First, if you push too hard on users, they will just stop playing. Secondly, in-game purchases do not work with new players - they will not spend money until they decide that they like the game and they are ready to spend some money here.

Instead of obtrusively offering purchases to new players, wait till the game may catch them on the hook. As soon as you understand this happened - excellent, open your in-game store.

A visual novel called Episodes competently and gradually bases its monetization on a story line. Purchases in Episodes provide the player with additional stories that are only available just once. This method encourages players to pay immediately and right now, otherwise they miss an interesting turn of the plot forever.

Do not use freely available design elements

The most memorable games usually have an original visual style. Among the two games similar in gameplay, the one that has better design gets more chances to be popular. Limit repetitive elements and do use your imagination.

Free design patterns and elements are good at the initial stage of development, but unique art will bring much more benefit in the long term. If art is not your strongest side, make the game neat and minimalistic. The poorly made design looks worse than simple and minimalistic one.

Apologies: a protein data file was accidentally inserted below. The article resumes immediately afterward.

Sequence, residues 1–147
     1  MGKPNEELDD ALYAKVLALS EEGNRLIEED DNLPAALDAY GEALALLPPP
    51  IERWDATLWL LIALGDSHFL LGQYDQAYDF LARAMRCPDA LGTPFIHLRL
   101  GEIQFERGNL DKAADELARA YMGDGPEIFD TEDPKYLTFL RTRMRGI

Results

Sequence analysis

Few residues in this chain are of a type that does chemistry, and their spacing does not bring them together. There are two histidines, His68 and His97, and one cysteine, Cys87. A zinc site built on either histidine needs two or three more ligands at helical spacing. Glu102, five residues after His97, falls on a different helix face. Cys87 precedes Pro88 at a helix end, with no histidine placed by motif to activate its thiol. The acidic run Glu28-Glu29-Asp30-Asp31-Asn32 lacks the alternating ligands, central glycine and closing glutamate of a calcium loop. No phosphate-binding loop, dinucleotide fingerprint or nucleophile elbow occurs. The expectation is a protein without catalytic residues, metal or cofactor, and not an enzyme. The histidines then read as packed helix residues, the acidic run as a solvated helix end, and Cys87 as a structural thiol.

The Loony Quack arcade will be immediately remembered for the amusing and unusual characters such as a duck-killer with a saw or a duck with a scythe.

Do not forget about the tutorial

Even if the game seems super-simple, add a tutorial in the beginning and the opportunity to view it later. This is an optional element, but it makes players’ life easier and is good for audience retention. Sometimes the user can stop playing the game for several days and forget the rules. Help him to easily recollect all rules. has a tutorial with rules, hints and helpful tips. It can be skipped in the beginning of the game and viewed again later.

Do not rely on the Internet connection

If you need the Internet to start the game, inform the users about this in advance. Ideally, you should have the game variant the allows to play without Internet access, otherwise, the user will be stuck on loading the first screen. Make the game accessible even if the Internet connection does not work.

Moreover, starting the download of additional elements immediately after the installation of the game is a bad tone. Let the players feel and like the game, and only then suggest them to download additional items.

A good description is a key to success

A clear, concise description of the game with high-quality screenshots will help future gamers to understand the essence of your game and get interested in downloading it. Your description should have interesting and memorable details of your game.

Although following these ten tips does not guarantee 100% success to your game, but they will definitely increase your chances to attract attention of the players and the industry. Good luck!